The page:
These days, most people know Rain as one of the biggest soloists in Korean music history. However, 20 years ago, he was just a teen from a failed boy group trying to make it big. Everything changed when he was recruited as a JYP Entertainment trainee—but Rain’s audition wasn’t quite like most auditions are today. In a new interview with Rolling Stone Korea, Rain revealed the story of his audition and founder J. Y. Park‘s unusual way of conducting it.
Rain confessed that it would take “more than 24 hours without sleep to talk about this as a whole,” but went on to reveal what he did remember about their meeting. While he couldn’t remember the precise date, he did note that it happened sometime between winter in 1998 and spring in 1999. At the time, Rain would have been just 16 years old and had already failed over a dozen auditions.
The star soloist went on to reveal that the audition started with J. Y. Park playing a song by famous singer Michael Jackson. “I’m not sure why he did that,” Rain recalled, “but he… just had it on repeat, you know?” Putting the song on repeat once or twice wouldn’t have been so strange, but Rain says J. Y. Park played the Michael Jackson track on repeat for a staggering “four to five hours.”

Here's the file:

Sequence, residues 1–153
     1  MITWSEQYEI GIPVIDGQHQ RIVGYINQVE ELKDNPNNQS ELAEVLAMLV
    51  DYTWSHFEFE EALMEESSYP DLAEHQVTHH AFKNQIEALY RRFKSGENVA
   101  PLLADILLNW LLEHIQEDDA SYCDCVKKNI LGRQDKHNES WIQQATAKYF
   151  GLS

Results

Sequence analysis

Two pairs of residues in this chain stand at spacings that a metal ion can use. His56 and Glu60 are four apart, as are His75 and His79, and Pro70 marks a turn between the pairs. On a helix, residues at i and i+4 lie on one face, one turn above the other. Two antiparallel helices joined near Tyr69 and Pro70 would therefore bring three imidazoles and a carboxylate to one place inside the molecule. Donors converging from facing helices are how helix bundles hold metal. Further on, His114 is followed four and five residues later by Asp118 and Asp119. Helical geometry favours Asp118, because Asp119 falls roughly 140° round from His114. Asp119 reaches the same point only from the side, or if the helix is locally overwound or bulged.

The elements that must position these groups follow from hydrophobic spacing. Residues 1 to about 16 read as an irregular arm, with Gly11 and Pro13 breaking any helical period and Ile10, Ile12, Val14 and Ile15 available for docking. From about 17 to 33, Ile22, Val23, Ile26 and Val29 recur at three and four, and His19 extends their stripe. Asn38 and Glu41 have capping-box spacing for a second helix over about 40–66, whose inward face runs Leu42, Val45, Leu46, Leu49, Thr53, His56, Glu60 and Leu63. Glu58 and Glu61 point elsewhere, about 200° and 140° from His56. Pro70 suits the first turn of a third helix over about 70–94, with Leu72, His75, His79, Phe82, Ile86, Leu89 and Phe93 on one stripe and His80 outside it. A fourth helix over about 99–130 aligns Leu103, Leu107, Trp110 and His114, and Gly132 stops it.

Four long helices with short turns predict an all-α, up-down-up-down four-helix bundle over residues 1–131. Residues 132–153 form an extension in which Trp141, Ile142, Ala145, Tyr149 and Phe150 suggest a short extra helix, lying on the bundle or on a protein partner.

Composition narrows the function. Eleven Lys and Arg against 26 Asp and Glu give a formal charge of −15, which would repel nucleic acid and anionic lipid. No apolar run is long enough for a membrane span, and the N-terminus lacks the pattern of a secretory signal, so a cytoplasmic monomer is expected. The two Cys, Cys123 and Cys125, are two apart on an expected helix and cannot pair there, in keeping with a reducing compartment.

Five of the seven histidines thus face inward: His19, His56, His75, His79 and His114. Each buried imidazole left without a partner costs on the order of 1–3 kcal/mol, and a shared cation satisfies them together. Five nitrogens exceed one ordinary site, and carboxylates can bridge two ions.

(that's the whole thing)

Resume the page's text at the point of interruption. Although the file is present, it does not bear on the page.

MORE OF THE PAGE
“I just kept dancing alone,” says Rain, who seems to have been confused by the process at the time. After that, Rain says the JYP Entertainment founder told him to copy his moves. He then proceeded to give Rain a personal dance lesson for another hour.
After spending so long in his first meeting with J. Y. Park, it should come as no surprise that Rain had a good feeling about his future. “You kind of get the feeling,” he explained, adding, “I thought I passed the audition.” However, in the following weeks, J. Y. Park didn’t get back to Rain at all!
As the time went by, Rain was sure the founder had forgotten all about him. But then, exactly a month later, he finally received that fateful call asking him to join the company. Interestingly, despite his slow response, J. Y. Park revealed several years ago that he saw a spark in Rain from that first meeting.
I remember the first time Rain entered the audition room. His facial expression, his passion, and even his sweats—I can recall them all.
Rain reminded me of a starved young lion.
I could tell he really wanted to succeed, but with the difficult circumstances, he was not able to make it come true.
I had never seen anything like that before, and I wanted to help him to make his dreams come true.
— J. Y. Park